“At certain times of the year, I can set my watch as to when the turkeys will show up. On those days, I want to be at home, get in my blind before daylight and shoot pictures until about 9:00 or 10:00 am. Then I’ll return to the blind for the last 2-3 hours of daylight when the deer and the turkeys are the most visible. So, when the photo opportunities are good at home, I’ll be in my blind with my camera shooting pictures.”

Why I Shoot Photography:

“I’m often asked, ‘Why are you so into wildlife photography?’ The answer is simple. Photographing animals in the wild puts me in touch with God. I have a Native American heritage. Photographing animals in the woods is a religious experience for me. I have Native American heritage on both sides of my family. My great, great grandmother on my mother’s side was a full-blooded Algonquin Cree. I’m the happiest when I’m in the outdoors. I think there’s something in my DNA that takes over when I’m in the wild. I have a real need to be close to wildlife and capture them with my camera. I feel very fortunate that I’ve been able to transition into a career in the outdoors these last 20 years that I thoroughly enjoy.

“I like to photograph animal behavior that most people never see. For instance, I just did a gallery for Realtree camouflage ( for their online web information. I tried to document the different activities that take place in one day of a turkey’s life. So, I included pictures of wing stretching and dusting. I also created terms for the different behaviors I saw that I’d never seen before. One thing I observed and photographed was a gobbler squatting under a tree on the edge of a field, waiting for the hens to leave their nest and come out in the field to feed, so he could strut for them. I’ve discovered that when you live in an animal’s world, you never stop learning new things that you see animals do. I don’t believe anyone knows everything they need to know about wildlife.

“One of the advantages of having a camera that can shoot 8 to 10 frames per second is that I can photograph every inch of a wing flap sequence when a turkey is stretching its wings and flapping them. I also can capture the most-minute details of a wild turkey gobbler’s head as he starts gobbling and finishes his gobble. One of the things I’ve noticed that most people never spot is that a male turkey opens his beak really wide and takes a deep breath just before he gobbles. So, catching those little moments that most people never see or notice are some of the advantages I have by using digital photography.”

What’s the Difference Between Professional and Amateur Wildlife Photographers:

“The difference between a professional wildlife photographer and an amateur wildlife photographer is the amount of time both photographers spend in the field, and the number of photos they shoot,” Tes says. “Galen Rowell, a famous landscape photographer who died in a plane crash, had a famous quote of, ‘Be there.’ With all the new innovations in cell phones and cell-phone cameras, everybody is a photographer. The market for freelance photography has gotten more difficult than it has been in the past, because of the volume of photos available through stock-photo agencies. But one of the things that has saved professional wildlife photography is that a professional will, ‘Be there.’ If a professional has to hike 5 miles to get a unique photograph, if he or she has to stand in the pouring rain to photograph how deer and turkeys react to the rain, he’ll go into the woods before daylight and come out of the woods after dark. He’ll take many-more photos on every trip than an amateur will – hoping to get that special photo and capture that one moment in an animal’s life that maybe no one ever has seen previously.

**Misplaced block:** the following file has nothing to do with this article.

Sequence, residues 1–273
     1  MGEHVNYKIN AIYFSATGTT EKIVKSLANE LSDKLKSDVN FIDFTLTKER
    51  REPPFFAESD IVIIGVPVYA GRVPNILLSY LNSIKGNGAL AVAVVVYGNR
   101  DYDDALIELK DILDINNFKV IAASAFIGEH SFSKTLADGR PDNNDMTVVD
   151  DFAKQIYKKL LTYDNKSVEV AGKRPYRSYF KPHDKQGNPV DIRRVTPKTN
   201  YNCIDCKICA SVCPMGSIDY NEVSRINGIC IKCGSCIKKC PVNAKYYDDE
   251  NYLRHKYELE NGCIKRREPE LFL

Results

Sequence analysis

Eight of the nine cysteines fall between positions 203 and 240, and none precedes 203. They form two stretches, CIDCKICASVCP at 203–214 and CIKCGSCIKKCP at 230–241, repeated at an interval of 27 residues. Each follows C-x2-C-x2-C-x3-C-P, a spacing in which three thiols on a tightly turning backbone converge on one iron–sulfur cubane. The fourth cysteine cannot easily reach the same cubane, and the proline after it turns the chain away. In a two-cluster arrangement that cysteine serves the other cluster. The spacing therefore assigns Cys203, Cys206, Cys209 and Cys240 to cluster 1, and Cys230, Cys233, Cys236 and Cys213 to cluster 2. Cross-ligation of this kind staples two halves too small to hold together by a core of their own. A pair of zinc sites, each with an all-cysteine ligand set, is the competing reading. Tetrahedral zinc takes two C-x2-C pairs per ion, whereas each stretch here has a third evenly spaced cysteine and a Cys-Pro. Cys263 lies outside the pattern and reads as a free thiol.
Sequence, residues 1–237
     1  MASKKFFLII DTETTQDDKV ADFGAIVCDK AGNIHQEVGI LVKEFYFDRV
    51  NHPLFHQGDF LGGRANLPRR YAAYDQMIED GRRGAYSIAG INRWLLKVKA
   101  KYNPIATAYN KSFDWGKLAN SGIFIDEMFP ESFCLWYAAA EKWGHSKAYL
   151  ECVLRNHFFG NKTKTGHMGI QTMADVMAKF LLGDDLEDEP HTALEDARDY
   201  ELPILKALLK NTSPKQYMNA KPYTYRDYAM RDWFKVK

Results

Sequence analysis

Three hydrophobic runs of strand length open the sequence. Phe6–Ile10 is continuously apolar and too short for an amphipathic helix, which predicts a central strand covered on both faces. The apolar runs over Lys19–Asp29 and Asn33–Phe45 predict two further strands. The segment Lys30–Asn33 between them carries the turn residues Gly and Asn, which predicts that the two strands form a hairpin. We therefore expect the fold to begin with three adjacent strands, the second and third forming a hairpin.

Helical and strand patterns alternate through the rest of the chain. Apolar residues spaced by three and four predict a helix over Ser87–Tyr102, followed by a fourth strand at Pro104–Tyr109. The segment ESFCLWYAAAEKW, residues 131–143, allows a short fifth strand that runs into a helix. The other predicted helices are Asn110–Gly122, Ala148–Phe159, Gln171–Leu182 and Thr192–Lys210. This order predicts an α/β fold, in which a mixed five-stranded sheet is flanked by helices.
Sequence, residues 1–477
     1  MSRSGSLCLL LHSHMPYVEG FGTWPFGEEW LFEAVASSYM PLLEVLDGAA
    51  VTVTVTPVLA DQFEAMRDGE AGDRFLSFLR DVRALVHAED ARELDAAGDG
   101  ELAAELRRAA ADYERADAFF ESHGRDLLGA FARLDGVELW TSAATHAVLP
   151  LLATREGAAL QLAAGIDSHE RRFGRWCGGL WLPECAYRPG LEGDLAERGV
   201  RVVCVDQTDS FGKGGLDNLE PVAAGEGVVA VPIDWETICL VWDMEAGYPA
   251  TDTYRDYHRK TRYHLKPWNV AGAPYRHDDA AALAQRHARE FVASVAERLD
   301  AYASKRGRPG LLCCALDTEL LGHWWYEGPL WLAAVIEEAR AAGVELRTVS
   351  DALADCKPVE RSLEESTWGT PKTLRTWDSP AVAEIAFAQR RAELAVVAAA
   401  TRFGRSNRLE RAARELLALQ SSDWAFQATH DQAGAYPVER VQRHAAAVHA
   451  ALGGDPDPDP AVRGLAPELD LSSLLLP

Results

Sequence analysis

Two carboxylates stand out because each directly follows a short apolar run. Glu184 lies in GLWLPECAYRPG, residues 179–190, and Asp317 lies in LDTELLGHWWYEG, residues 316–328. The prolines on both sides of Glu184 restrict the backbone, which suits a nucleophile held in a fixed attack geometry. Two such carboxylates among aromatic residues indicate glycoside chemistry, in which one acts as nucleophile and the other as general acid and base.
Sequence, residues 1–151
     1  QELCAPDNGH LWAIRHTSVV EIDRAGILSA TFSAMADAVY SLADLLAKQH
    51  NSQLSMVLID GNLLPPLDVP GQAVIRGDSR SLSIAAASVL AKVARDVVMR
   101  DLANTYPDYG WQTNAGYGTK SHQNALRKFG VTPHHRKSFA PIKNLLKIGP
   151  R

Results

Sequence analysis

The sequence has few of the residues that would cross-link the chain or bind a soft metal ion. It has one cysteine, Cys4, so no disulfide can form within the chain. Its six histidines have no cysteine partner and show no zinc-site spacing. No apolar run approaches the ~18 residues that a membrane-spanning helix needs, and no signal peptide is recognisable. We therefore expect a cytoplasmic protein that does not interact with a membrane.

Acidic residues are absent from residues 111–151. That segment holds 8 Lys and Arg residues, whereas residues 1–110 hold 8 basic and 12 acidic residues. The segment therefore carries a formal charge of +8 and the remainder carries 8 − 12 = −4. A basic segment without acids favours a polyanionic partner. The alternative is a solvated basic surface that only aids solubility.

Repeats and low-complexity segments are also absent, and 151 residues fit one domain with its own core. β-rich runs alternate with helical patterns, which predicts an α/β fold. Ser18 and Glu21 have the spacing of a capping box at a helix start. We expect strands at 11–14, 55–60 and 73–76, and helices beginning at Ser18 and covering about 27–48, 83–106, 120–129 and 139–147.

“I think the other element required to be a professional photographer is that you have to discover your niche – your place in the entire big world of photography where you fit in, and that’s where you can make unusual, beautiful, crisp, sharp pictures that may have been overlooked by other photographers. When you can pinpoint a type of photography that you’re really good at and concentrate on that particular kind of photography, that’s where you can have the greatest impact. Then you have to find a market to sell that photography to and a market that will pay you a fair price for the pictures you take. When you locate good clients who will pay fair prices for your work, that’s the most-rewarding part about being a wildlife photographer.

“People often ask, ‘How do you find clients who will pay fair prices for the photos you shoot?’ You have to study magazines and learn who the editor and the photo editor are for that magazine. Define the type of photography they’re buying, and try to shoot that kind of photography. You need to meet the photo editor in person, on the phone or through email. Then ask him or her if you can submit some photos for his consideration. Every year a new ‘Photographer’s Market’ book, available from Amazon, is published that you can study to see who’s looking for what type of photography, what someone’s willing to pay, and what you have to do to submit photos. ‘Photographer’s Market’ has been a critical tool for me, especially when I first began my wildlife-photography business. The magazines and companies that are in that book usually specify if they like to buy freelance photography, and what their pay range is. I think buying a copy of ‘Photographer’s Market’ every year is worthwhile, or at least when you’re first starting out to sell your photography.

“Another way that you find markets for your work is go to outdoor trade shows and join writer/photographer associations like the Southeastern Outdoor Press Association (SEOPA) Professional Outdoor Media Association (POMA) (, Outdoor Writers Association of America (OWAA) ( and other regional and national outdoor-media associations. Go to their conventions. Those organizations have all been a tremendous help to me, because they’ve put me in touch with editors and manufacturers who buy photography. I believe that anyone who wants to make a career as an outdoor writer/photographer needs to join those organizations and attend trade shows, conservation organizations’ shows and conventions.”